Last week, at the re:publica conference an illustrious crowd gathered for the sixth time and this time in Kreuzbergs’s Postbahnhof for Germanys biggest conference on blogs, social media and the digital society. Part of the crowd was Neelie Kroes, one of the Vice Presidents of the European Commission and Europan Commissioner for Digital Agenda. In her nicely titled speech about „Freedom online“ she dared to mention that “we are now likely to be in a world without SOPA” – the US’s proposed Stop Online Piracy Act – “and ACTA.” Are we really?
One would think that she must know better than I. I am wondering though: did she mean it and if so, what does it mean?
Did she mean it? Well, even if she did, ACTA is not off the table just like that. In fact not Ms Kroes but pro-ACTA Karel Lodewijk Georgette Emmerence de Gucht, better known as Karel de Gucht is in charge, and – as the Guardian reports –
“Ryan Heath, a spokesman for Kroes’s office, said the European commission has not changed its position on the usefulness of Acta, and was continuing to work toward its ultimate ratification, but added that Kroes was “observing political reality”.”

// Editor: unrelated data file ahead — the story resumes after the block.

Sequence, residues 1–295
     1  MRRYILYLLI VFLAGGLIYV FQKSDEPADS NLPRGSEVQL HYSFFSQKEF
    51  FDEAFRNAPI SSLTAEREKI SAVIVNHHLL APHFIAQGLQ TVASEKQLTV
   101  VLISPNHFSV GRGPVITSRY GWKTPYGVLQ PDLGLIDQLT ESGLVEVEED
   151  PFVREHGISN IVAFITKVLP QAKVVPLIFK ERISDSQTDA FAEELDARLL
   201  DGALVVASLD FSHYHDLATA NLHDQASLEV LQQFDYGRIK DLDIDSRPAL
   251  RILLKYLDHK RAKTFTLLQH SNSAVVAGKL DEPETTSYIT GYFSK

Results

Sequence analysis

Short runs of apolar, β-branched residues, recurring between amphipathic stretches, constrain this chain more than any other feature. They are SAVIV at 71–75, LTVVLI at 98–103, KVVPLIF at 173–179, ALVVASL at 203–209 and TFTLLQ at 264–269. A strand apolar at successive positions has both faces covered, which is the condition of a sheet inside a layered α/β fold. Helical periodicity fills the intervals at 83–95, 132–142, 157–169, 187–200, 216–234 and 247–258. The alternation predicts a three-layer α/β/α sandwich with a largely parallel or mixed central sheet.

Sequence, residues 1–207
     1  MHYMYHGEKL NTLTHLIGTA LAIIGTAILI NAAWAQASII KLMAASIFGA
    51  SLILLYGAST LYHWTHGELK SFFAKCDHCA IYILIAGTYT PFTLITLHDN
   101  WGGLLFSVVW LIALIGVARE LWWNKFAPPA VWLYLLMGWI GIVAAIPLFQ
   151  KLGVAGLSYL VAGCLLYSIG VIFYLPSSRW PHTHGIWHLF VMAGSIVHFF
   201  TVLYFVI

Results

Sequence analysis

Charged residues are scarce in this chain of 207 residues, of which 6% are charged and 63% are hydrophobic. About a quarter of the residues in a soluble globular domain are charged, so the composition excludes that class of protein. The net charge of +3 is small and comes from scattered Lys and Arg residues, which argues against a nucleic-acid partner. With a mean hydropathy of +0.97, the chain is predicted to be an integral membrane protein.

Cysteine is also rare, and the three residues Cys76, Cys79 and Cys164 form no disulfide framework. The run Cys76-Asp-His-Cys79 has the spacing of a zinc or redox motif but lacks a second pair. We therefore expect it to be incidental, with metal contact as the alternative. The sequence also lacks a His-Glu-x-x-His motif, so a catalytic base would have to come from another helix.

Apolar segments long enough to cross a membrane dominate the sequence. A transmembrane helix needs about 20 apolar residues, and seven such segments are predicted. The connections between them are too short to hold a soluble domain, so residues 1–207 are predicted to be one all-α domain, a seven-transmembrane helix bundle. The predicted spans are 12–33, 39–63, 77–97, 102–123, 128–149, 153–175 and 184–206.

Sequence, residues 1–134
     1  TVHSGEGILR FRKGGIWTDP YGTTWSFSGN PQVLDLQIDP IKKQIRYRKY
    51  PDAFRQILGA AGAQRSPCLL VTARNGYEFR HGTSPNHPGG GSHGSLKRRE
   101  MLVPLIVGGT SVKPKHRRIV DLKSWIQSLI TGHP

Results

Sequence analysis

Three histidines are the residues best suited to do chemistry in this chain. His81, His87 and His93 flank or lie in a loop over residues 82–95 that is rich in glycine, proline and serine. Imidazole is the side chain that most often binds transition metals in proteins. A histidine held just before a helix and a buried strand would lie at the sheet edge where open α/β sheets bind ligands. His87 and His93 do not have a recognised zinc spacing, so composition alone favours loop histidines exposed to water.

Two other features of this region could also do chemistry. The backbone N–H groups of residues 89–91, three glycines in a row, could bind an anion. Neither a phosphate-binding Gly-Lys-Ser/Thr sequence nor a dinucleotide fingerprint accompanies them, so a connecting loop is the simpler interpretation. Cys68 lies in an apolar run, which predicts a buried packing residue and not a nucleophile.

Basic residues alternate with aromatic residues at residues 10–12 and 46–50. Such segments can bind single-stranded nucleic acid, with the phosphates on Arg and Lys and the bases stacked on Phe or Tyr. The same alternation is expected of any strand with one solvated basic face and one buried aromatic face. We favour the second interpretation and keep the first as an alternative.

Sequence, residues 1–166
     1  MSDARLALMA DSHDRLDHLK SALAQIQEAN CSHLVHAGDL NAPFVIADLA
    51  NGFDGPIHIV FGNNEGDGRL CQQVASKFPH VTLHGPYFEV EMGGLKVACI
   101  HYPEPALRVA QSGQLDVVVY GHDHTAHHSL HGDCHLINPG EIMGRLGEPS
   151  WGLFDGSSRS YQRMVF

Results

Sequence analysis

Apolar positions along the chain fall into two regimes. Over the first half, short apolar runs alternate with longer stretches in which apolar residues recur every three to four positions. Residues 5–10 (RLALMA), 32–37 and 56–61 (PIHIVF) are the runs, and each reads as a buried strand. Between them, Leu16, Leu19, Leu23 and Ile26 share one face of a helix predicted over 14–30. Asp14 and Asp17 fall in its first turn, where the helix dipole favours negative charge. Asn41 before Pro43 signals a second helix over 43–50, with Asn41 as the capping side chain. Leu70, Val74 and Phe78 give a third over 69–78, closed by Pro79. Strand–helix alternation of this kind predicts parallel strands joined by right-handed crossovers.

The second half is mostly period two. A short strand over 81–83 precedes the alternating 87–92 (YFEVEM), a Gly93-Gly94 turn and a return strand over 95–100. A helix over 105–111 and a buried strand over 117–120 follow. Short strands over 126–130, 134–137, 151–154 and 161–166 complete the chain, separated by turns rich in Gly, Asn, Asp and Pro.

Right now, the European Parliament will have to make the next move and will have to decide whether to reject or to approve the Agreement.
Meanwhile, the German Federal Government declared that it assumes that ACTA will be rejected by the EU Parliament.
Under the same assumption, also Switzerland yesterday declared that for the moment it will not sign ACTA.
But even if we were to live in a world without ACTA, “Online freedom” will still be a big topic.
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